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2013.01.18 - United Kingdom: Deadline for filing of LLP Tax Returns – 31 January 2013.

 

Owners of English LLPs should be aware that, although Limited Liability Partnerships are exempt from tax subject to certain criteria, this does not relieve them from the obligation of preparing and filing appropriate financial reports to the company register (Companies House), and Tax Returns to the UK tax authorities (Her Majesty Revenue & Customs).

The procedure and deadlines of tax return filing are stated by the Taxes Management Act 1970; in particular, LLPs must file their tax returns (form SA800) for 2012 not later than 31 January 2013.

Unless form SA800 is filed by the above deadline, HMRC imposes penalties on the LLP designated members to the amount of GBP 100. In such cases, the penalty accrues not only on the LLP member responsible for filing, but also on all the other members, therefore the penalty fine amount should be multiplied by the number of the company members.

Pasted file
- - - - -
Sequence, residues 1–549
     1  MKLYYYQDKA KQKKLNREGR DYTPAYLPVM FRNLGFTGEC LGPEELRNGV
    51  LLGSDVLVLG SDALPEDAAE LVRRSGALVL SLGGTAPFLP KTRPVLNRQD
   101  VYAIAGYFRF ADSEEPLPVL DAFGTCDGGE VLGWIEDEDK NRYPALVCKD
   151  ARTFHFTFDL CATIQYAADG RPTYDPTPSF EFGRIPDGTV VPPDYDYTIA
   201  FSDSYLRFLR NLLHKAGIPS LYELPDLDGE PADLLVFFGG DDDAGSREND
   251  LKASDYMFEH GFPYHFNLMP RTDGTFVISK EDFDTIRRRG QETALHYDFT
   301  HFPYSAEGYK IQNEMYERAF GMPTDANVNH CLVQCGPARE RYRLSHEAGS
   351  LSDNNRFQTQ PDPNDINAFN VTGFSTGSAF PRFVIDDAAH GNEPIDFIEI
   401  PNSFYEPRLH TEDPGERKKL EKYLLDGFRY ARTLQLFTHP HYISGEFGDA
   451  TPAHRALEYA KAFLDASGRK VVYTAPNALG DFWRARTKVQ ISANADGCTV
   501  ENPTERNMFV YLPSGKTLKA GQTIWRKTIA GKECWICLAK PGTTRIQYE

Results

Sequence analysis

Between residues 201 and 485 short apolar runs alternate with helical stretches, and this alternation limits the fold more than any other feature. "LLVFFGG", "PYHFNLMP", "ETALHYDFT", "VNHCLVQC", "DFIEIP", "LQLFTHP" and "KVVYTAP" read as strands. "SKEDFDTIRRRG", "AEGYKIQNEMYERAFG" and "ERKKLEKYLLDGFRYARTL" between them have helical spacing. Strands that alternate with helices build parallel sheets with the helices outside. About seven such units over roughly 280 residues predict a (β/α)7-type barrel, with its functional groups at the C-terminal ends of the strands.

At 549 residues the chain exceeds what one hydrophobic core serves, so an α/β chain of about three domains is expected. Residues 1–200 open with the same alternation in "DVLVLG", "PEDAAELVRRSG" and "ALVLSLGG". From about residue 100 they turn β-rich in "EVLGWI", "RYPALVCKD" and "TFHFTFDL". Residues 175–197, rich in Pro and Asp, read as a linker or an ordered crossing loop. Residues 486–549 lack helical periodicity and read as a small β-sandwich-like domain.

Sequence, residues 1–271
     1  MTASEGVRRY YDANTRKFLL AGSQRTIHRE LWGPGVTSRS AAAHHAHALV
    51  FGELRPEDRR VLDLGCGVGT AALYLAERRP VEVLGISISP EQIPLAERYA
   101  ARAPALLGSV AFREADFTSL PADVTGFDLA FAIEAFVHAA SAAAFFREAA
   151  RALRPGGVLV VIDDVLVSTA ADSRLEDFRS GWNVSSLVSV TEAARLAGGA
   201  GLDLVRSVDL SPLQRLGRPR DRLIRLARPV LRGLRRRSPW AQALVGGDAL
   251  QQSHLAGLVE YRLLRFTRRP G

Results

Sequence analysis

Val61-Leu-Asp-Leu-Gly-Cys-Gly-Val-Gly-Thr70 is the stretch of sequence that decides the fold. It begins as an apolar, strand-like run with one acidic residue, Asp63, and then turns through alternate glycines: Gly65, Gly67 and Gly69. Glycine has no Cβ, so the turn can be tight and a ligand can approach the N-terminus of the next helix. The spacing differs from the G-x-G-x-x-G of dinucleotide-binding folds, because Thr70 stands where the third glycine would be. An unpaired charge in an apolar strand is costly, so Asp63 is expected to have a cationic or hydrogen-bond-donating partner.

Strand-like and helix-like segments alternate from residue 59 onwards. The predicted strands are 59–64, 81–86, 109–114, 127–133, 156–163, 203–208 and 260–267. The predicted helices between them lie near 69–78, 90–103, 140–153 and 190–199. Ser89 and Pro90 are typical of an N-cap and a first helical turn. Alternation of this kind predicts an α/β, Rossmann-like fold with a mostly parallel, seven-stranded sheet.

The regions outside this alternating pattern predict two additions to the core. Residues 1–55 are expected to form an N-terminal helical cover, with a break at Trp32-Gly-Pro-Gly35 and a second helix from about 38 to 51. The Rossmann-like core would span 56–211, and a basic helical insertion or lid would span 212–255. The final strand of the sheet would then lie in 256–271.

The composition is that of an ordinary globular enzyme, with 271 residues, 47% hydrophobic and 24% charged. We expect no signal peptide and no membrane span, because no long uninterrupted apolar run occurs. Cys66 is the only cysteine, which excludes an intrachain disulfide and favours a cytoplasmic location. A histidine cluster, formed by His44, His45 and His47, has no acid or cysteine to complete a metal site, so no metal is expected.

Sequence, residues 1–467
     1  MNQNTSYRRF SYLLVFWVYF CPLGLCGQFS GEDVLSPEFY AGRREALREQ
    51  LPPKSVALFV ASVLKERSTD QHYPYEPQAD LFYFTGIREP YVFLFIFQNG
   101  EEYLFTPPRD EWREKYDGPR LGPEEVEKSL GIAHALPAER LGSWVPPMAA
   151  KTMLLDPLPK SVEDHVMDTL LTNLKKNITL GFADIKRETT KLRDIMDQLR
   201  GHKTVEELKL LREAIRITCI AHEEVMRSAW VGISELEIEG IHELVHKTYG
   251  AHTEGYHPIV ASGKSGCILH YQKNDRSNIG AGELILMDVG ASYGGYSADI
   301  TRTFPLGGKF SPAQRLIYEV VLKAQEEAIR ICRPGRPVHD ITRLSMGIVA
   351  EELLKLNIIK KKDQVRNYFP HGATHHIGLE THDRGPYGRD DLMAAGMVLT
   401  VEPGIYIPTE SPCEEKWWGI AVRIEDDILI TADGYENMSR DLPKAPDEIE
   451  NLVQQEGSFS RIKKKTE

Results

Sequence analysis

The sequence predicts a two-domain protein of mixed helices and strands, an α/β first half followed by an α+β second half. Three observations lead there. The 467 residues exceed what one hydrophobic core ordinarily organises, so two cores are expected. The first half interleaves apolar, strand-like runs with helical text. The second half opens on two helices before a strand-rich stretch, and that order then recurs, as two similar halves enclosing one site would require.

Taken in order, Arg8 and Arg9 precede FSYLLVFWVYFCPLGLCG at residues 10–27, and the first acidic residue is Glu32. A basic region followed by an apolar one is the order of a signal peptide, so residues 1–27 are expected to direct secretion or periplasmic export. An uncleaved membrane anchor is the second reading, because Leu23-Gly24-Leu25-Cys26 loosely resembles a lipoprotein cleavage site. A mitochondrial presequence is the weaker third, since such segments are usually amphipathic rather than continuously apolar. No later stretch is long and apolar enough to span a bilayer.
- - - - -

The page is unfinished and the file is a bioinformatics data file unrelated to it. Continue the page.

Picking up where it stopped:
Further on, the penalty increases in accordance with the rules set by HMRC and may exceed GBP 1,500 for each member.

In theory, there are justifying circumstances, where HMRC may decide not to charge a penalty for failure to file a tax return on time; for example, the member’s disability, force majeure or a failure in the HMRC software (which is highly unlikely). But in practice, if the company had a real opportunity to file its tax return, then the probability that HMRC will take a justifying decision is very low.

Therefore, to avoid the accrual of substantial penalties, LLPs must file their tax returns on time, i.e. by 31 January 2013.

INTERNATIONAL OVERSEAS SERVICES comments:

It is important to emphasize the high level of organization and accuracy in the work of both the Companies House and Her Majesty Revenue & Customs. The precision shown by these government agencies undoubtedly deserves respect, and even many private companies might envy for such level of organization of work.

At the same time, considering the above, it is easy to predict that in case of failure to file the required returns, the above penalties will be assessed accurately and strictly in compliance with the established rules. In particular, we quote HMRC:



Example
Mrs A's tax return is due on 31 January 2013 but HMRC doesn't receive it until 5 August 2013.
It is over six months late so she will have to pay all of the following:
£100 fixed penalty
£900 penalty - this is £10 each day from 1 May to 29 July, when the maximum 90 day penalty is reached.
£300 or 5 per cent of the tax due - whichever is the higher

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